On View: Luce Visible Storage and Study Center, 5th Floor
Although one of the twentieth century's most prolific creators of handmade jewelry, William Spratling stood consciously outside the modernist movement thatt flourished during his career. Trained as an architect, he was introduced to the idea of jewelry making during sojourns in Mexico beginning in 1926. In 1929 he moved to Taxco, Mexico, the site of centuries-old silver mines, and set up a company of local artisans to revive the art of silver hollowware and jewelry. His designs were inspired primarily by pre-Columbian motifs. This venture became an enormous success, especially during World War II and immediately after when department stores in the United States were cut off from European suppliers of luxury goods. Unfortunately, Spratling lost control of his company to other investors, and by 1946 Spratling y Artesanos was out of business. Thanks to his apprenticeship system, however, his legacy continues in Mexico today.
Incised on reverse of a short link " [M]ADE IN/TAXCO" and "980".
Gift of Dr. Martin R. and Eve Lebowitz in memory of his parents, Henry and Esther Lebowitz
You may download and use Brooklyn Museum images of this three-dimensional work in accordance with a Creative Commons license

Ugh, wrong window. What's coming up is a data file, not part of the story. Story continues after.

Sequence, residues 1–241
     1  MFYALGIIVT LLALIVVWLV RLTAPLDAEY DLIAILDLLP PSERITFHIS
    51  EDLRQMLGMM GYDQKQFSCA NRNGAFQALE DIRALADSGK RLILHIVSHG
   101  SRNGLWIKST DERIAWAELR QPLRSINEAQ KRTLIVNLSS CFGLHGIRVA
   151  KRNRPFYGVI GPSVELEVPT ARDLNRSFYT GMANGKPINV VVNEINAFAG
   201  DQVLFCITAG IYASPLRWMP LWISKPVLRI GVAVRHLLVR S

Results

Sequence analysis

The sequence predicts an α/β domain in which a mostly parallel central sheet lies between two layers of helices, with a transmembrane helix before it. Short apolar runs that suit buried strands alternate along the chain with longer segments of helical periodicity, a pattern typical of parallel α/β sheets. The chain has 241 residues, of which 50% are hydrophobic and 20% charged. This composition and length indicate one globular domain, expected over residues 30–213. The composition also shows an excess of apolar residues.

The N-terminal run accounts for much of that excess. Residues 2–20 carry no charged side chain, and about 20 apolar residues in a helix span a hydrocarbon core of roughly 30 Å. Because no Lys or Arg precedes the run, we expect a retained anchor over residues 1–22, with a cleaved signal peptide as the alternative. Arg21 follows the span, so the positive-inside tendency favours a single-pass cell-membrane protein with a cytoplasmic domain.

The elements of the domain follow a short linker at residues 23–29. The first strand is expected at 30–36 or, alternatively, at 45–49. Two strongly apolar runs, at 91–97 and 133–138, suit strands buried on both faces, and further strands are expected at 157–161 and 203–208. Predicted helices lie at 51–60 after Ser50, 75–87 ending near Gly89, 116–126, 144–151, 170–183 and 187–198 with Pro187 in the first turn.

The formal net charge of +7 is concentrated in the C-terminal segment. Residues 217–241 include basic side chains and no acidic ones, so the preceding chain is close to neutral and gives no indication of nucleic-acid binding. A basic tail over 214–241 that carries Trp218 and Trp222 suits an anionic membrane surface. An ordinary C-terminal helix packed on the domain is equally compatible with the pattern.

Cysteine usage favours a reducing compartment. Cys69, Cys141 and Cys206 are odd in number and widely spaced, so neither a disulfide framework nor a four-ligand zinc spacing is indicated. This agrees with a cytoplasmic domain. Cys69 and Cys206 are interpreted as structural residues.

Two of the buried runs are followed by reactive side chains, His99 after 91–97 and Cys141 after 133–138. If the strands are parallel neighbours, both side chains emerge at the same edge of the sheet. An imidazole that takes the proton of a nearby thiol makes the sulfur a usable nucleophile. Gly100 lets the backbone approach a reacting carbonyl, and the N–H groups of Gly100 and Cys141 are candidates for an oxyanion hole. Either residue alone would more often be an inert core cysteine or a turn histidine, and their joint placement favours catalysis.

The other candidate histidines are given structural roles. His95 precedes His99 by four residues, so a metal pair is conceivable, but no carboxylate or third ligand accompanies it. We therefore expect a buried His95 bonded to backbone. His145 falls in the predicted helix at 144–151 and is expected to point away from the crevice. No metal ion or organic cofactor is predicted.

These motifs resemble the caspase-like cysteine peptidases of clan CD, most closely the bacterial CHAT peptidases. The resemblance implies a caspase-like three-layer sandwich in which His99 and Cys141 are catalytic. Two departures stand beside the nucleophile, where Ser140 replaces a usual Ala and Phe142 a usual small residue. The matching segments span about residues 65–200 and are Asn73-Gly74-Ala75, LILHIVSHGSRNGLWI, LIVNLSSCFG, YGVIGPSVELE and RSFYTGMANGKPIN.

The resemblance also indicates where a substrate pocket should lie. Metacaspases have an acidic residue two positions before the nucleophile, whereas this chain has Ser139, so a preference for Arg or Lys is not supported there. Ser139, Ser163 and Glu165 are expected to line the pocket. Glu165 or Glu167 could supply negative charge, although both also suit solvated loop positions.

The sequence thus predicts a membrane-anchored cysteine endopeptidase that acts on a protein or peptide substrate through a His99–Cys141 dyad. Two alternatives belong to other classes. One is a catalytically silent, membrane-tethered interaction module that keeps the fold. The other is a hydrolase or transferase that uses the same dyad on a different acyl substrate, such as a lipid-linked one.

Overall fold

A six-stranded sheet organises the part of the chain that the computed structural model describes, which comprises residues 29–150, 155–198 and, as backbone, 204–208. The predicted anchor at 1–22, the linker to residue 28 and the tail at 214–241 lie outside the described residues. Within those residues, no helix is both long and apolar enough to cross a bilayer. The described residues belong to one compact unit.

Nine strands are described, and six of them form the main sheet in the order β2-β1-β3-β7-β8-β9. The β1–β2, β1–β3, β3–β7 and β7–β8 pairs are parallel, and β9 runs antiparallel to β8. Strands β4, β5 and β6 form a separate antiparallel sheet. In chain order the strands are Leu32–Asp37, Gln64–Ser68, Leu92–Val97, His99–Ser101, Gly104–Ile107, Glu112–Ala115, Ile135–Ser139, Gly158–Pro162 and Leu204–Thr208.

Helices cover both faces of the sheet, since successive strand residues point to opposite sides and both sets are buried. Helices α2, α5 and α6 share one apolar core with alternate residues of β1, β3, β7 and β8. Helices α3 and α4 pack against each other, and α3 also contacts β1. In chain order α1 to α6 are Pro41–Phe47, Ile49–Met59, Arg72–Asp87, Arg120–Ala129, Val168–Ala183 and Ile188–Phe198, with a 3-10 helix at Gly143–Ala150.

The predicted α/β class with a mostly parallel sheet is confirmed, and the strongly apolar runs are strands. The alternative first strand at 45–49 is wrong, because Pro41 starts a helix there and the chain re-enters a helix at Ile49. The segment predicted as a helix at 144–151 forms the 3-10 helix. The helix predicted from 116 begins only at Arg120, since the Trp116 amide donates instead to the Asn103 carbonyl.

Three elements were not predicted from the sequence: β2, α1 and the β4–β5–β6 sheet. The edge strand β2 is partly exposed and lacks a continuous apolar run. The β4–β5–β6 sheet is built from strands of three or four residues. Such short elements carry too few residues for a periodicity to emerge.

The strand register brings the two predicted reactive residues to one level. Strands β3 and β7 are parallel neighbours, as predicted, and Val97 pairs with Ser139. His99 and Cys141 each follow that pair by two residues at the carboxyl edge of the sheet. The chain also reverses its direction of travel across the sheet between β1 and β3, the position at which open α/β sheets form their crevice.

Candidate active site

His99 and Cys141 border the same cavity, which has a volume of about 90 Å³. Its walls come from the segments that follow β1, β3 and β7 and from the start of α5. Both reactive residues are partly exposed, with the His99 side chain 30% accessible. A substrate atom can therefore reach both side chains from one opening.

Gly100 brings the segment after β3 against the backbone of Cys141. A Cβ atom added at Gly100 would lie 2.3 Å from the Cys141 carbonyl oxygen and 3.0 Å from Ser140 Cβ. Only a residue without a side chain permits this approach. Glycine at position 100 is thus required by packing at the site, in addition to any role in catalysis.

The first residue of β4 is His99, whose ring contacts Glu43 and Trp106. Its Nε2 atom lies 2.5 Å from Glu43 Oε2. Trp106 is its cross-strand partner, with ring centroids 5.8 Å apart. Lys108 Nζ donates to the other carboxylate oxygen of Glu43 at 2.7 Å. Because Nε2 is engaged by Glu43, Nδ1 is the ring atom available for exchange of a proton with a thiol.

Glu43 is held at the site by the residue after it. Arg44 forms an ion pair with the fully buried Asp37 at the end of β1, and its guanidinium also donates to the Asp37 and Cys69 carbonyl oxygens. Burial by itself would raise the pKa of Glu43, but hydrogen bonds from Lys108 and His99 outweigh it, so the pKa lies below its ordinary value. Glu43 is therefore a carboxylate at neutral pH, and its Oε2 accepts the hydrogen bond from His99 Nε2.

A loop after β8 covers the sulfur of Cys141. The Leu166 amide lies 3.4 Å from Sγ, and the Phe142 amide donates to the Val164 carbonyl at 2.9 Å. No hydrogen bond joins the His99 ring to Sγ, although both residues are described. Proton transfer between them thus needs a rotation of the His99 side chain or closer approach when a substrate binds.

. Fair use, as understood under the United States Copyright Act, may also apply.
Please include caption information from this page and credit the Brooklyn Museum. If you need a high resolution file, please contact firstname.lastname@example.org
For further information about copyright, we recommend resources at the United States Library of Congress
, Cornell University
, Copyright and Cultural Institutions: Guidelines for U.S. Libraries, Archives, and Museums
, and Copyright Watch
For more information about the Museum's rights project, including how rights types are assigned, please see our blog posts on copyright
If you have any information regarding this work and rights to it, please contact email@example.com
William Spratling (American, 1900-1967). Bracelet, ca. 1935-1940. Silver, 1 1/8 x 7 3/4 in. (2.9 x 19.7 cm). Brooklyn Museum, Gift of Dr. Martin R. and Eve Lebowitz in memory of his parents, Henry and Esther Lebowitz, 2006.7.2. Creative Commons-BY (Photo: Brooklyn Museum, 2006.7.2_PS2.jpg)
overall, 2006.7.2_PS2.jpg. Brooklyn Museum photograph, 2006
"CUR" at the beginning of an image file name means that the image was created by a curatorial staff member. These study images may be digital point-and-shoot photographs, when we don\'t yet have high-quality studio photography, or they may be scans of older negatives, slides, or photographic prints, providing historical documentation of the object.
Not every record you will find here is complete. More information is available for some works than for others, and some entries have been updated more recently. Records are frequently reviewed and revised, and we welcome
any additional information you might have.